If you’re flying with your child over the holidays for the first time since your separation or divorce, you might encounter more questions than anticipated from Transportation Security Administration (TSA) agents or employees at other security checkpoints.
Some parents are more likely to have to deal with questions and requests for proof of their relationship with your kids than others. These include parents who have:
- Biracial or multiracial children who more closely resemble their co-parent
- Adopted children of a different race or ethnicity than theirs
- Children with a different last name than theirs
While you may be used to random strangers asking intrusive questions about your children if they don’t look like you, it can be unnerving to get them from someone in authority.
Bring plenty of documentation
Nonetheless, it’s always wise for any parent with shared custody who’s traveling alone with their child – no matter what means of transportation they use – to bring along plenty of documentation showing your relationship. This includes a copy of their birth certificate, adoption form (if applicable) and passport (if they have one). If you already have your divorce decree and custody agreement, it’s a good idea to have copies of those as well. Having some family photos on your phone can help considerably.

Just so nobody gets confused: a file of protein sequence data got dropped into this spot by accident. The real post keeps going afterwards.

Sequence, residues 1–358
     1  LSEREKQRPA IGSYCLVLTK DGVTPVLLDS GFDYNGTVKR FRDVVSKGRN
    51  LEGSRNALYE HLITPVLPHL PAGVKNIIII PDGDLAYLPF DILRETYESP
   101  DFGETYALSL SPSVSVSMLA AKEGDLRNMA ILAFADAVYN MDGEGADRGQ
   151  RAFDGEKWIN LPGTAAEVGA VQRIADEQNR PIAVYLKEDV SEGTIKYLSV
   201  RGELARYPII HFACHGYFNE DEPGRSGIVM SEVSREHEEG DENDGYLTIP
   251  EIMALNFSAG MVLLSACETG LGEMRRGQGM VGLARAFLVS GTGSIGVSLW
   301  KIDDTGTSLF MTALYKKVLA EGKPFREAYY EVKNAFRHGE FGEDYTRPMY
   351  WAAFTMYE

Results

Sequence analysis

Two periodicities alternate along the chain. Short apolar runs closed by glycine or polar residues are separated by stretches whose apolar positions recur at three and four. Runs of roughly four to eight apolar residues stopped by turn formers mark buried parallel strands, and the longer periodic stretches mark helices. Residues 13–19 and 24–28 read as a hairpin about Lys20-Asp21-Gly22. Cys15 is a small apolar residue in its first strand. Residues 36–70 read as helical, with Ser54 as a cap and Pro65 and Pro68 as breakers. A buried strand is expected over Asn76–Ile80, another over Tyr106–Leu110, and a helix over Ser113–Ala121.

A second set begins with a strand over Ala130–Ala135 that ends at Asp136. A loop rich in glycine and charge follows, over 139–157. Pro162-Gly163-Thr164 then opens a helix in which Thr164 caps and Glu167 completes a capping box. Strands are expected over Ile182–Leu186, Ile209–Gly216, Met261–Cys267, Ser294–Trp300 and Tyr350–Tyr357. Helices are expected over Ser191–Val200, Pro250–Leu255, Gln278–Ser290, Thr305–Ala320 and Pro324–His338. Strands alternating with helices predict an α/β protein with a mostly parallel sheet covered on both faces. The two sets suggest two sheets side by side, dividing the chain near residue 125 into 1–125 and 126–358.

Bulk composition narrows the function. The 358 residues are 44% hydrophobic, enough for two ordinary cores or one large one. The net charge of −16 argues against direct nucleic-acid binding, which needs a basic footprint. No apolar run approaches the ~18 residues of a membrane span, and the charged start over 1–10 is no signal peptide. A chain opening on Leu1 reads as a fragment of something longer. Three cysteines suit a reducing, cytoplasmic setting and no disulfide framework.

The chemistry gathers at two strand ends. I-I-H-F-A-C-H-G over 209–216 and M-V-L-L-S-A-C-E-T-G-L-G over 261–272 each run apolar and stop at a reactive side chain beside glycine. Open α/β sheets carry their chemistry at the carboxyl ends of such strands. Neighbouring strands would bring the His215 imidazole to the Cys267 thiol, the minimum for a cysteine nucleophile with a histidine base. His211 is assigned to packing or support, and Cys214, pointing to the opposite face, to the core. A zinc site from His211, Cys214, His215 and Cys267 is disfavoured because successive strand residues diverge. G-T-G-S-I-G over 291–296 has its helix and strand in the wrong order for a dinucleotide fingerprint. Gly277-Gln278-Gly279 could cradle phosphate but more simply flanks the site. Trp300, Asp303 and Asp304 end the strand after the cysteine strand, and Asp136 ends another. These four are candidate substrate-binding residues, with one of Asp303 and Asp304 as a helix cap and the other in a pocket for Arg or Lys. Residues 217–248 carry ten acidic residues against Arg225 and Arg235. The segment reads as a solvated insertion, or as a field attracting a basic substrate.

It’s always a good idea for you and your co-parent to provide each other with a consent to travel form or letter for any kind of travel that’s not in your agreement – such as travel outside the state or country. If you have one, keep that with you.
Agents have to be on the lookout for child trafficking
While it can feel like TSA and border agents are asking intrusive questions, it may help to know that they’re trained to beware of signs of potential child trafficking. Therefore, they likely are just following their training rather than acting out prejudices. Nonetheless, people have been wrongfully detained for suspected human trafficking when travelers didn’t “look” like they were a family.
Having a small file folder of this documentation can help get you through security and onto your flight with minimal delay. Remember also that the more information you can provide, the less likely agents will be to quiz your children (which they are allowed to do).
If you and your co-parent are still working out your custody agreement, make sure you consider your likely travel plans while your children are still minors. This can minimize how often you have to get each other’s consent to travel.